" In the UK, the recent experiences of one UAS conference, which was scared away from its original venue after protests, were also depressingly familiar. In this regard UAVs have become the favourite totem to be knocked down by a section of the peace movement'.
While the aspirations of the movement are to be admired. as most warfighters would agree, the fixation of this fringe element with the technology often leads them to miss the point.
Many people would agree that the policy of targeted assassination carried out by the US in Pakistan and elsewhere has been taken too far and is tantamount to extra-judicial killings.
UAVs do to some extent, enable this policy, but the same could be achieved with a manned system. Israel manages a similar type of capability without resorting to UAVs.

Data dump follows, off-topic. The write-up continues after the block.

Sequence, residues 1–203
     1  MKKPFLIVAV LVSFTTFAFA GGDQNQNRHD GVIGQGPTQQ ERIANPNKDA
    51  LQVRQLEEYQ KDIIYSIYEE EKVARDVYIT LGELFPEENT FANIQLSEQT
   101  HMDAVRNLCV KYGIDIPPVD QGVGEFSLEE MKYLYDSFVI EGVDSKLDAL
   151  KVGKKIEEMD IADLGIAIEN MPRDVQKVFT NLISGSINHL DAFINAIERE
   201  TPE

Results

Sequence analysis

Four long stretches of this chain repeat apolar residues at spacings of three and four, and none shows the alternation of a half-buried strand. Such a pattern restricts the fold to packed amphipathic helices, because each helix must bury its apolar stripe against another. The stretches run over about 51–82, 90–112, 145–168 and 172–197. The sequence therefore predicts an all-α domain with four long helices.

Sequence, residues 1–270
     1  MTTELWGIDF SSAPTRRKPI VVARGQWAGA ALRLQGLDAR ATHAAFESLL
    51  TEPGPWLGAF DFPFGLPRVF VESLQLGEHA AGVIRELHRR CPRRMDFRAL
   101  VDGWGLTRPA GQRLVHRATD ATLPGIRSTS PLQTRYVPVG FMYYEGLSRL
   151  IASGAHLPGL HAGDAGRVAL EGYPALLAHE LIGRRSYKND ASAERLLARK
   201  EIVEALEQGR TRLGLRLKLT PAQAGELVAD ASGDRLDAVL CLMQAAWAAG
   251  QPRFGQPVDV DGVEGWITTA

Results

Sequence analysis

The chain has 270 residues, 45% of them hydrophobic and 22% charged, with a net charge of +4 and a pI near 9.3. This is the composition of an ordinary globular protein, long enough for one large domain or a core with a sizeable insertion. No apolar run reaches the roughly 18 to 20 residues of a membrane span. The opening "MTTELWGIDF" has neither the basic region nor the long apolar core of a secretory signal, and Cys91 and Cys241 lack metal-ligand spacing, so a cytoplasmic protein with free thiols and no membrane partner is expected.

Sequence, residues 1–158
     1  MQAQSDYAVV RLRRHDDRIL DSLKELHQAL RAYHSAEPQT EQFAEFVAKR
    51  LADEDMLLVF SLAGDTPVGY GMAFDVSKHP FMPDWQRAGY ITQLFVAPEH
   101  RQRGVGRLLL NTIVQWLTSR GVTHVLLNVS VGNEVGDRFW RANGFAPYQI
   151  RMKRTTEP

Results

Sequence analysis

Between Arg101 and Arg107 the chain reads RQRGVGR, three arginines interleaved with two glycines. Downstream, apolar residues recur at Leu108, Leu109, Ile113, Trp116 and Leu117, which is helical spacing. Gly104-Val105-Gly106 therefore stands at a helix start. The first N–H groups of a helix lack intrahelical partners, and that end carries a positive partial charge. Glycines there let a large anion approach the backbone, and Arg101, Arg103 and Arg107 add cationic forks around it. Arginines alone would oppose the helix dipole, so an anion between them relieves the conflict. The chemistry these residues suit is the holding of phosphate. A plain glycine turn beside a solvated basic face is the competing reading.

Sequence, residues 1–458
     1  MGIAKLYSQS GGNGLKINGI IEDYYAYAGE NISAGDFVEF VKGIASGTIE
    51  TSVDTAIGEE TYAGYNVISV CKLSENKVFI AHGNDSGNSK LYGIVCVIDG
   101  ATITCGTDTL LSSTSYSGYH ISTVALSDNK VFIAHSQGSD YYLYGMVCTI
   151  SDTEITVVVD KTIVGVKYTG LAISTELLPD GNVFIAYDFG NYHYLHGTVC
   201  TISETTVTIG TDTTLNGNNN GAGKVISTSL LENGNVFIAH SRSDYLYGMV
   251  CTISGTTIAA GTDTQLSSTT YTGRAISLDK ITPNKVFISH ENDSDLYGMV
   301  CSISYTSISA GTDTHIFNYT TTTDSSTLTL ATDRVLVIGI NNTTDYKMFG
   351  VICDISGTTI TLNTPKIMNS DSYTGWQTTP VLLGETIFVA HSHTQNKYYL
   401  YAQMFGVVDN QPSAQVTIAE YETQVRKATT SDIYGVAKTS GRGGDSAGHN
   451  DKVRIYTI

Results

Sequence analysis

While such ingrained attitudes continue to prevail, it is likely to be difficult for the unmanned community to achieve the wider acceptance needed to gain access to civil airspace. While the industry is effectively engaged with the technical and regulatory challenges, the message seems to be far less clear when it comes to cultural issues.
Attitudes change, but that takes time and a clear, honest, coherent conversation by all sides. What you say, when you say it and who you say it to matters.
Darren Lake, Acting Editor "
Unmanned Vehicles. Volume 17. Number 4. August/September 2012. (p.3)